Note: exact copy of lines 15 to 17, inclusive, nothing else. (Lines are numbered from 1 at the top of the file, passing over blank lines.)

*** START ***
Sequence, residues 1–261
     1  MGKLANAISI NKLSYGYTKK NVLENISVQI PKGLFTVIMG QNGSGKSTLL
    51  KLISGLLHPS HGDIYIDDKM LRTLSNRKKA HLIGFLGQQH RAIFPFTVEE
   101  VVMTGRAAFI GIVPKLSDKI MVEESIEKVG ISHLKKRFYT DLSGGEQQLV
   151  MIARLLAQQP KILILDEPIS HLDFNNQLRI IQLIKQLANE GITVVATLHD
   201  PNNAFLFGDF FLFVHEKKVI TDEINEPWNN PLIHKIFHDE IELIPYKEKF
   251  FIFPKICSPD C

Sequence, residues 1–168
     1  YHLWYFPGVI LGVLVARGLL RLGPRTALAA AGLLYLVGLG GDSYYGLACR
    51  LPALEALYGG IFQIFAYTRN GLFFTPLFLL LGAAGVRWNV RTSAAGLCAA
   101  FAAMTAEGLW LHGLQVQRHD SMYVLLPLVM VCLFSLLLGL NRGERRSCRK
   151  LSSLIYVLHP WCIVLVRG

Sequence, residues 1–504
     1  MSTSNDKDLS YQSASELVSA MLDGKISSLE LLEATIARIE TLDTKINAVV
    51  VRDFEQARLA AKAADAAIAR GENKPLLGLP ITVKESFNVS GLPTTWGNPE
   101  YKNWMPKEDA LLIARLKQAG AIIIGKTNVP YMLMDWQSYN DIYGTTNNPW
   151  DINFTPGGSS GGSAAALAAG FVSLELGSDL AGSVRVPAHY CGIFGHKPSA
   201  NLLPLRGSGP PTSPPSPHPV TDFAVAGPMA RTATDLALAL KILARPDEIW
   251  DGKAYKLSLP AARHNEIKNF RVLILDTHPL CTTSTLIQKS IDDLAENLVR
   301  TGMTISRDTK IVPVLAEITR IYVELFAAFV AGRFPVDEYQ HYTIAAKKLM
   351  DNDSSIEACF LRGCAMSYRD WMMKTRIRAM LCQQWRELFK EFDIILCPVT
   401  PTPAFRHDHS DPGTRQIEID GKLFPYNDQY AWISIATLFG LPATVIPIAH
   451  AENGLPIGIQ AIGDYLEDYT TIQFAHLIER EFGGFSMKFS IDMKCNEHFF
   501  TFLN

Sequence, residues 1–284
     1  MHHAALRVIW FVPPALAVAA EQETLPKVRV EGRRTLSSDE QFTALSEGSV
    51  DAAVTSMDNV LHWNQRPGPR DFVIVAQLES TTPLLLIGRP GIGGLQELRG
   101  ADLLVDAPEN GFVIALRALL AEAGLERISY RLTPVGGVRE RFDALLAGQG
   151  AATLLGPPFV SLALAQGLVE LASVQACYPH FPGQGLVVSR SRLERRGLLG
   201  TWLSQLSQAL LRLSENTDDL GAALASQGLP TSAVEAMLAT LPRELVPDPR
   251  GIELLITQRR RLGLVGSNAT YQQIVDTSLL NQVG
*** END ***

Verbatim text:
    51  VRDFEQARLA AKAADAAIAR GENKPLLGLP ITVKESFNVS GLPTTWGNPE
   101  YKNWMPKEDA LLIARLKQAG AIIIGKTNVP YMLMDWQSYN DIYGTTNNPW
   151  DINFTPGGSS GGSAAALAAG FVSLELGSDL AGSVRVPAHY CGIFGHKPSA